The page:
“We are not in this together”
It comes as no surprise that health equity issues have been the subject of debate since the start of the Coronavirus pandemic. According to multiple reported data, African Americans, Latinos and other people of color have felt the brunt of this disparity from white America in astronomical ways.
“In California, 55 percent of COVID deaths are LatinX people, according to data recently released by the Department of Public Health. In New York, South Asians have the highest rates of positivity and hospitalization among Asians, second only to Hispanics for positivity and Blacks for hospitalization. Chinese patients had the highest mortality rate of all groups and were nearly 1.5 times more likely to die than Whites.Across the U.S., Black people account for 39 percent of COVID deaths, and the Native American community has almost double the mortality rates of Whites, according to CDC data. COVID death rates spotlight the gaping inequities in COVID health care and hospitalizations. Moreover, at-risk ethnicities have not been prioritized for vaccine distribution.”
In a briefing for Ethnic & Community Media hosted by The Los Angeles County COVID-19 Joint Information Center and presented by Ethnic Media Services, health officials and community leaders of various minority groups spoke on this issue while questioning what needed to be done to change this trajectory.
Noting that the trends indicate that Black and Latino communities were not receiving the covid-vaccine proportionately to their white counterparts, Dr Daniel Turner-Lloveras, Founding member of Latino Coalition Against COVID-19 shared findings of his new study, which focuses on the equitable allocation of the COVID-19 vaccine. Noting that accuracy in data reporting was a very important factor in fighting disparities in care, he expressed frustration at the lack of accuracy in reporting racial data which by his estimation would hinder the ability to provide solutions.
According to one of the speakers, Virginia Hedrick, Executive Director, California Consortium for Urban Indian Health, we are “not in this together”. Considering the fact that Native Americans and Alaska Natives have been hit by the pandemic at rates three and a half times higher than their white non-Hispanic counterparts at any given time and mortality has been almost two times higher it is evident that this community has not been prioritized.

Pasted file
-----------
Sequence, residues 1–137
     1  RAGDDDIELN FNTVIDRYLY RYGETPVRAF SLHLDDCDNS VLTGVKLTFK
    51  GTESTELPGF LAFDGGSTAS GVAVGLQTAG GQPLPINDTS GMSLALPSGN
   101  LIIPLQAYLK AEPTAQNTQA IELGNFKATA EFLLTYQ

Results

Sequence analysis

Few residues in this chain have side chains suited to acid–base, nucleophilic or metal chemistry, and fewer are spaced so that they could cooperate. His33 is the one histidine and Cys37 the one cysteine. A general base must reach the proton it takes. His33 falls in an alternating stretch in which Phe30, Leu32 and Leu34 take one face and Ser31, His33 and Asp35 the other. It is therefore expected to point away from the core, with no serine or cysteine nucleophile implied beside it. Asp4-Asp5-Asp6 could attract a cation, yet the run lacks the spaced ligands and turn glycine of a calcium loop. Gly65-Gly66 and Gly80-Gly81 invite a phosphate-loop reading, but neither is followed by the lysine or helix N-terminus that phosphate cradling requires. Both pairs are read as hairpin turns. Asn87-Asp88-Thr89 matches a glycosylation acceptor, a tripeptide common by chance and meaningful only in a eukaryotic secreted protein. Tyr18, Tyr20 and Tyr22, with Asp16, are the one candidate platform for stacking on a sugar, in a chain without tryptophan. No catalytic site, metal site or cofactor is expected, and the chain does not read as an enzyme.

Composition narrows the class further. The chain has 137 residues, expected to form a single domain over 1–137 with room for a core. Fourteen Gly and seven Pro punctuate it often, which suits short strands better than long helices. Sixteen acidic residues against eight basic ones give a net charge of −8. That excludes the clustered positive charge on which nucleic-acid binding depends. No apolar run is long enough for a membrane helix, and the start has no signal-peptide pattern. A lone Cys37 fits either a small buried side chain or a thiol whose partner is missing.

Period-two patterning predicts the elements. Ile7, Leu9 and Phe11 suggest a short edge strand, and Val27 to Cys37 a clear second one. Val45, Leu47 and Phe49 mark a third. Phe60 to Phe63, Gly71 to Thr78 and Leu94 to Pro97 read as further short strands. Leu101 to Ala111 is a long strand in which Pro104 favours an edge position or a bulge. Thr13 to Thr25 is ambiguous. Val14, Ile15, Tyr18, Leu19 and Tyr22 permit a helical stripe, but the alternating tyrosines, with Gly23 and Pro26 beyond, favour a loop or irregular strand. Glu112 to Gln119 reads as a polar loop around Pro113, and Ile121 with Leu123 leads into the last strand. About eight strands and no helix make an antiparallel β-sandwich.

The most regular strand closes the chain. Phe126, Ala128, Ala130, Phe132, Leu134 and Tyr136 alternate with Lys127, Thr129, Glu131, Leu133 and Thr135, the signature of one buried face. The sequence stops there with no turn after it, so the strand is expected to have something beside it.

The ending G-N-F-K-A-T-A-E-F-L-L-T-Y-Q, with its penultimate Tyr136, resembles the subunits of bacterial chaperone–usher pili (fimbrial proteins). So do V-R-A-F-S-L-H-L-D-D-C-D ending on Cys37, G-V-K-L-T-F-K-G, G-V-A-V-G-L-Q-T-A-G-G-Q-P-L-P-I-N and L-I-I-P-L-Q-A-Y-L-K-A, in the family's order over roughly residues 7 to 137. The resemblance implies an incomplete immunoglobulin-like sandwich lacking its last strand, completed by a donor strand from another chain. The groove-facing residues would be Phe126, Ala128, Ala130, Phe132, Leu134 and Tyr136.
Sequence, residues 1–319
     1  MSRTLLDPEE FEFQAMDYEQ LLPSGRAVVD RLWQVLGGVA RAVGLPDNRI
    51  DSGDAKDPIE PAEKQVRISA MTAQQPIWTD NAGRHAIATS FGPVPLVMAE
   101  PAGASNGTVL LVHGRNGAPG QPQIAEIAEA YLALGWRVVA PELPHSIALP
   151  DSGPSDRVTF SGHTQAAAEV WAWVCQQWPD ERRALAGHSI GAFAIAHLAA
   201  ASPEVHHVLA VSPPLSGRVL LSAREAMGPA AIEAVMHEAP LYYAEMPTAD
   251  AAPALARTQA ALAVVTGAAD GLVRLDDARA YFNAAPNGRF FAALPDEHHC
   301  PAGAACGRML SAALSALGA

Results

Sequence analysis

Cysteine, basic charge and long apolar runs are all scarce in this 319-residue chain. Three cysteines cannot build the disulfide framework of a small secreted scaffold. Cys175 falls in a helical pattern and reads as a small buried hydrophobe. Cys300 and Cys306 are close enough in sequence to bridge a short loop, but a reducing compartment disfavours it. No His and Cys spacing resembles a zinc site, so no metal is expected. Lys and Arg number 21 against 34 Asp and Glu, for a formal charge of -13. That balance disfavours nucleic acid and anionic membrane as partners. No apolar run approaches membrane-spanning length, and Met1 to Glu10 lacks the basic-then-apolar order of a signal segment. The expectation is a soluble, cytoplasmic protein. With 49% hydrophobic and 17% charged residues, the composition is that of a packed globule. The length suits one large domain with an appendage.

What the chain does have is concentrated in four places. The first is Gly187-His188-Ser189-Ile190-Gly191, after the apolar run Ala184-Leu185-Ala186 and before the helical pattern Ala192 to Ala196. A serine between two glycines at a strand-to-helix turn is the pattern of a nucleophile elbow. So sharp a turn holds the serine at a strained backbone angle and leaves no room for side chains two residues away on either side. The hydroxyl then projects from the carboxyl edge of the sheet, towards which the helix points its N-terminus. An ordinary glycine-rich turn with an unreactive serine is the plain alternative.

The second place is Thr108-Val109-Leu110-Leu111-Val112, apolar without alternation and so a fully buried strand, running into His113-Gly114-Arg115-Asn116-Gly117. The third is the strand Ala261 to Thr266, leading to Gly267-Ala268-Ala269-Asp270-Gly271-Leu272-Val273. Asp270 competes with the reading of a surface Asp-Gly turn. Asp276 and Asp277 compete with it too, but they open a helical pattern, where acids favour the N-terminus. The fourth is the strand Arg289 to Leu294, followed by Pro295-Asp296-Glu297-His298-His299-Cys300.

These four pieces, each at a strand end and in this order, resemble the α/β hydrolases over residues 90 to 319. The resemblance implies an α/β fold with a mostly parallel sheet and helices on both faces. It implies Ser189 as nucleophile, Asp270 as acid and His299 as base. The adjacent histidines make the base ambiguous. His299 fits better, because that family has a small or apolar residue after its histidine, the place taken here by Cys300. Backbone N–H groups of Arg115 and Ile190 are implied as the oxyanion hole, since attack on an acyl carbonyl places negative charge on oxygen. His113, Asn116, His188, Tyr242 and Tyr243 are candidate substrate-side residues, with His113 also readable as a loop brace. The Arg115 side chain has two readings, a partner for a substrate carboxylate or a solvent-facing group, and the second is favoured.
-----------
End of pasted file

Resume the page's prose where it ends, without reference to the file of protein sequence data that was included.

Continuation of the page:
Dr. David M. Carlisle, President and Chief Executive Officer of Charles R. Drew University of Medicine and Science in the Watts-Willowbrook area of Los Angeles County lamented the fact that the challenges facing black and brown communities wasn’t anything new and was “unethical and inhumane”. Why would vaccines be distributed in areas that do not reflect the community’s needs or diversity. While pharmacies in opulent neighborhoods like Huntington Beach and others are great, it however shows lack of consideration when large arenas like the Dodger Stadium have to be shut down due to lack of doses.
Adam Carbullido, Director of Policy & Advocacy, Association of Asian Pacific Community Health Organization, stated that Asian communities have long suffered from discrimination due to language barriers and recently the attribution of the virus’ source as coming from China has made it worse. The rate of hate crimes and xenophobia is at an all time high and the trauma from these instances has caused many to shut down. It would be necessary for Congress to compensate by providing more resources for Community Based Organizations who have stepped up in the front-line.
In essence the pandemic may not have been the source of health inequities but it has certainly exposed the dire situation communities of color face daily as far as health concerns. Now more than ever the situation has gotten worse as no one seemed prepared when covid-19 hit.